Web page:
When it comes to learning web development; time and a terrible internet connection is your only enemy. vs

Reading Time: 3 minutes vs What’s the difference?

If you’re new to the world of WordPress or website development, you may be wondering what the difference between vs is?

The short answer is; is a service and is software.

Both do the exact same thing and they do it exceptionally well, however they each deliver the same set of tools in significantly different way.

The official WordPress website sums it up pretty well and uses a comparison table when talking about the two versions:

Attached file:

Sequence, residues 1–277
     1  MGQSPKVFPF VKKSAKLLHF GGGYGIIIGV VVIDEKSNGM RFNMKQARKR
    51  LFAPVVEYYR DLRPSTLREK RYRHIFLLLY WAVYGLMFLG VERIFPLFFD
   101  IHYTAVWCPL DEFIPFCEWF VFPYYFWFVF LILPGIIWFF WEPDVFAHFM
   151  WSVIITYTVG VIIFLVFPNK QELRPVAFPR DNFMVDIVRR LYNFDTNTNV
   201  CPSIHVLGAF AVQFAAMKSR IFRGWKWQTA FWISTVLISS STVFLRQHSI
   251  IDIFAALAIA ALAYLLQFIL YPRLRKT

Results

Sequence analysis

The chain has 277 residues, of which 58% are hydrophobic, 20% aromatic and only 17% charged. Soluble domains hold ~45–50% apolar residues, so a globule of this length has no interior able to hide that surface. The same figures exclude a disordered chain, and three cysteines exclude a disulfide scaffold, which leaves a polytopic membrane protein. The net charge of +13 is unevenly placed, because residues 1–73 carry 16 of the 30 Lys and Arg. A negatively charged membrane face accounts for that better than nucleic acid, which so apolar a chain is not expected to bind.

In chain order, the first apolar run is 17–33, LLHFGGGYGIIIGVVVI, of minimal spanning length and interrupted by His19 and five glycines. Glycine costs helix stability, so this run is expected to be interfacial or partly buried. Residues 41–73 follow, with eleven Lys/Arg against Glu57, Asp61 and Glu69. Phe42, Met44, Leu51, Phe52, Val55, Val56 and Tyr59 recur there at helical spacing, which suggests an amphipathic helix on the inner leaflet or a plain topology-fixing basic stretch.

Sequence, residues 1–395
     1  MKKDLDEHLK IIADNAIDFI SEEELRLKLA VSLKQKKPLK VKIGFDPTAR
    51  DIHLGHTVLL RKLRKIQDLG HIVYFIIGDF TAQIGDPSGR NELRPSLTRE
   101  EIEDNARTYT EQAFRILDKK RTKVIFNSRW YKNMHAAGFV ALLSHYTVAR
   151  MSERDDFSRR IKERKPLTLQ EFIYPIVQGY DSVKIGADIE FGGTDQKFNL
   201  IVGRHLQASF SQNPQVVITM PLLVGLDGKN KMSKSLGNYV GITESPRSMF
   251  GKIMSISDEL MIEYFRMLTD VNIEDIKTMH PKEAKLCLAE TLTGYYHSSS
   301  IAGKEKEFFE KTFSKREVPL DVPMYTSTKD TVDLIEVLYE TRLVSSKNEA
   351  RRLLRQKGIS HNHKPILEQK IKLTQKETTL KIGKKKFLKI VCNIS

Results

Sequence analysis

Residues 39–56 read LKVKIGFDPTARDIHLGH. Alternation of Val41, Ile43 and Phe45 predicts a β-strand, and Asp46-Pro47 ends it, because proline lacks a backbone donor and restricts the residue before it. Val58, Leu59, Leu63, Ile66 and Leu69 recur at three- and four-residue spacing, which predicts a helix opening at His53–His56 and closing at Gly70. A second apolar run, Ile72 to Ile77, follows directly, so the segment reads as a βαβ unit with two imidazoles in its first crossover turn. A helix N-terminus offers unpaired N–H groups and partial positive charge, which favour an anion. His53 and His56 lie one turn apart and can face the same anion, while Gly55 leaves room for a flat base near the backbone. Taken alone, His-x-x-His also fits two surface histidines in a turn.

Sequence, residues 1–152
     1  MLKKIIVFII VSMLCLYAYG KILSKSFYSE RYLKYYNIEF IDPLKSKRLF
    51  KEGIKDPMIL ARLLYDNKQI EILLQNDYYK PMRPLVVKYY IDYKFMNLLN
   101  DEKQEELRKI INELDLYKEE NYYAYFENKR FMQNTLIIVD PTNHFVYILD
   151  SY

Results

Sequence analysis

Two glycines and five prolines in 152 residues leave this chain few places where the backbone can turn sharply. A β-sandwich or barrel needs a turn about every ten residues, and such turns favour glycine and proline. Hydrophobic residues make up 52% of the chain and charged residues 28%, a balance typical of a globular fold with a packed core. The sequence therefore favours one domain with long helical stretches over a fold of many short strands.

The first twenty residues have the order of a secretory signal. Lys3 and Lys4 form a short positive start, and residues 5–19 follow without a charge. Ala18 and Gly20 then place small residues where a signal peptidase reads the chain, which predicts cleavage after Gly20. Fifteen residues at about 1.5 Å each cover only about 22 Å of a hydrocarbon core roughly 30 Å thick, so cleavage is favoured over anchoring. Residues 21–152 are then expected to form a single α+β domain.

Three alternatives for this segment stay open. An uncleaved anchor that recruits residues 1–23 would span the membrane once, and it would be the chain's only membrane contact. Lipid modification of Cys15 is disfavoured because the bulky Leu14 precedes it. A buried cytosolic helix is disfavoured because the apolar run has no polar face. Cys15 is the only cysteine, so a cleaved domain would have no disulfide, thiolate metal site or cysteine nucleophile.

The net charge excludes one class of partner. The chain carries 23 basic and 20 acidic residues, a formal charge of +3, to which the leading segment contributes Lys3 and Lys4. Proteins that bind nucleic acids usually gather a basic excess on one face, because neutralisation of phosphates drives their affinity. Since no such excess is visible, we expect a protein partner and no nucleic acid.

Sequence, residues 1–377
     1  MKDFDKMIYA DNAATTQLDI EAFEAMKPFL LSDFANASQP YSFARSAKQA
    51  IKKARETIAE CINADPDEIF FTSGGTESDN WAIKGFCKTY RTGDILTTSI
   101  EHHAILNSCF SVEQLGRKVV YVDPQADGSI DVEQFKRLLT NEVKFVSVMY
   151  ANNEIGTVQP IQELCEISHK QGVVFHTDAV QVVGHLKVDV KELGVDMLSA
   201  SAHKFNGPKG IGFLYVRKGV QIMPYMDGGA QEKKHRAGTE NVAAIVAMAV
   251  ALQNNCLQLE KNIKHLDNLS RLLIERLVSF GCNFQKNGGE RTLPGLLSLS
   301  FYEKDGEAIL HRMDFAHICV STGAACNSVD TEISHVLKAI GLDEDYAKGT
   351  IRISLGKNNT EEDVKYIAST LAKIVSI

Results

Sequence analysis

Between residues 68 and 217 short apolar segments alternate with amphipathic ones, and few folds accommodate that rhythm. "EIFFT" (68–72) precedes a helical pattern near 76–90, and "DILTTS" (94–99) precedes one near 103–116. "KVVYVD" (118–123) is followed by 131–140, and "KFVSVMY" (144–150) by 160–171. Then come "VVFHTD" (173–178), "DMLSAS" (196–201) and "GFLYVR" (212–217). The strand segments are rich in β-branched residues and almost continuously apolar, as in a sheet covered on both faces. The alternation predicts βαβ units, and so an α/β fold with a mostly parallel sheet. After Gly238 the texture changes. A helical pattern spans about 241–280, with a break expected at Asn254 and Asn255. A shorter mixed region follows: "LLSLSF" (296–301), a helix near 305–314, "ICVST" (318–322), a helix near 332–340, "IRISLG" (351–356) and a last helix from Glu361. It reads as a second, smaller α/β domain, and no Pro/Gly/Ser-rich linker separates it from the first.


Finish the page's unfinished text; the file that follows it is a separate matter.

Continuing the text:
Focus on your beautiful content, and let us handle the rest.
Get your hands dirty, and host your website yourself.
Premium hosting, security, and backups are included. You can even upgrade to a custom domain, like You’ll need to find a host, and perform backups and maintenance yourself. We offer VaultPress for security and backups.
Choose from hundreds of beautiful themes. Make it your own with Custom Design. Install custom themes. Build your own with PHP and CSS.
Integrate your site with Facebook, Twitter, Tumblr, and other social networks. Install a plugin, like Jetpack, to enable sharing functionality on your site.
Popular features like sharing, stats, comments, and polls are included. There’s no need to install plugins. Install plugins to extend your site’s functionality.
Personal support and the forums are always available. Visit the support forums for assistance.
You must register for an account on and abide by our Terms of Service. No registration with is required.